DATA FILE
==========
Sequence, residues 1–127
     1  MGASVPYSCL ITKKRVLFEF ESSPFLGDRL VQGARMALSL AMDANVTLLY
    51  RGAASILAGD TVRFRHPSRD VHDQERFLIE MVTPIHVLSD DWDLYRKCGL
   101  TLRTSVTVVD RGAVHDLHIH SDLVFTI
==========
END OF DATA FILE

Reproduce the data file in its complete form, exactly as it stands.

Sequence, residues 1–127
     1  MGASVPYSCL ITKKRVLFEF ESSPFLGDRL VQGARMALSL AMDANVTLLY
    51  RGAASILAGD TVRFRHPSRD VHDQERFLIE MVTPIHVLSD DWDLYRKCGL
   101  TLRTSVTVVD RGAVHDLHIH SDLVFTI